This little book does provide an overview of feng shui, but it lacks any focus or any detail. After you read it, you'll know a teeny bit about feng shui -- you need lots of wind chimes to keep the chi moving, you need to illuminate dark corners, you need ties bells & prisms on red cords & distribute them around the house, you need to use your stove frequently if you want to be wealthy. Many of the tips seem to be designed to bring unrestricted movement, to free up blockages. That's the good part. They annoying part is there are eight bazillion tips on how to increase prosperity -- painting your office door green (the color of money in some cultures), painting your office door black (the color of money in other countries), painting your office door red (lucky color, attracts fortune), painting your office gray, blue or green, decorating your office with fabric that combines eight colors or patterns in the design (because "eight" is the number of business and finance) putting yellow flowers in your kitchen, cleaning out your stove, refrigerator, under your kitchen sink. You read a chapter & there are tips on using every color of the rainbow, and incorporating numbers for a variety of reasons (two of this, four of that, nine goldfish, three bells, etc.) that you don't come away with any specific tips. If you followed all of the tips, your home would be a multicolored, cluttered mess, with wood & metal & water & wind chimes everywhere you look.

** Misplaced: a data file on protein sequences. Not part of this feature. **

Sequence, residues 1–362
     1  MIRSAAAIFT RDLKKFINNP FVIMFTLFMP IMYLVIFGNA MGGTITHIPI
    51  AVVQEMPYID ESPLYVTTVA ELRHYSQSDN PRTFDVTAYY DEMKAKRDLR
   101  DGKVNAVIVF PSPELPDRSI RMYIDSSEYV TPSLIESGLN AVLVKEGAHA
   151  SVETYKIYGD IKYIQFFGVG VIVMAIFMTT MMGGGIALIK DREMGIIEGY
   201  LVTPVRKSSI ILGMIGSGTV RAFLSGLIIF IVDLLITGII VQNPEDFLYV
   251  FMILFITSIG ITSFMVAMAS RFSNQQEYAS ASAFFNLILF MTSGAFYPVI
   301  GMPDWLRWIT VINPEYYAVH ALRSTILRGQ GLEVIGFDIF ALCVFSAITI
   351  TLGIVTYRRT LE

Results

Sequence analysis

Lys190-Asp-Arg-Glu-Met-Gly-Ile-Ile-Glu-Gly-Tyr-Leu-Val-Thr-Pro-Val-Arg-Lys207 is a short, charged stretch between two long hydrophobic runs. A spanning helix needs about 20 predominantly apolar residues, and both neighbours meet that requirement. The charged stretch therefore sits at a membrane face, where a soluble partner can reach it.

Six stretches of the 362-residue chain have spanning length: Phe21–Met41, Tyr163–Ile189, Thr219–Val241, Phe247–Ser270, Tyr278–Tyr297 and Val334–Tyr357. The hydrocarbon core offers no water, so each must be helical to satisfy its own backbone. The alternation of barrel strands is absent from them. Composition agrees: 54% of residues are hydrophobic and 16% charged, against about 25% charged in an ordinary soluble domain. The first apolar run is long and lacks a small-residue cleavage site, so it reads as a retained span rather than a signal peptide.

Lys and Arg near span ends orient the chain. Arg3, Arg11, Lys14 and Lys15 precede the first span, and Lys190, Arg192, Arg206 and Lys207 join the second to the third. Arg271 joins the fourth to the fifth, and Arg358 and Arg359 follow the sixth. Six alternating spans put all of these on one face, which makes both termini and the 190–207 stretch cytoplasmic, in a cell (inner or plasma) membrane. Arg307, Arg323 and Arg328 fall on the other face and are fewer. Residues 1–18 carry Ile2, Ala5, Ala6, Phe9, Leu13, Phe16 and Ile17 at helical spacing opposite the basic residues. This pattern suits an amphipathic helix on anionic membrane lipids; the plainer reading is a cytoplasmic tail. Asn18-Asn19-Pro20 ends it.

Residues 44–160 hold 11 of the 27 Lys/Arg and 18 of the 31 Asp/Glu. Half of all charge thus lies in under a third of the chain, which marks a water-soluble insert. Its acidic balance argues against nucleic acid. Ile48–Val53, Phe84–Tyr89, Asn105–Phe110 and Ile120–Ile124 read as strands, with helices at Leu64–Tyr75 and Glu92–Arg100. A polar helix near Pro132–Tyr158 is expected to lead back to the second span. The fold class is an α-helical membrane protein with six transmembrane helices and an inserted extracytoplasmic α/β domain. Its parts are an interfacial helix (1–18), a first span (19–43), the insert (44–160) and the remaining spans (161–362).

I gave this book to a friend of mine, who actually knows a great deal about Feng Shui, and she thought it was adorable.
It doesn't go far into depth (which could be a good or a bad thing, depending on what you are looking for), but it is a fun introduction and the first chapter gives an informative introduction into the whys and hows of Feng Shui.
It's a great little gift! I really enjoyed it.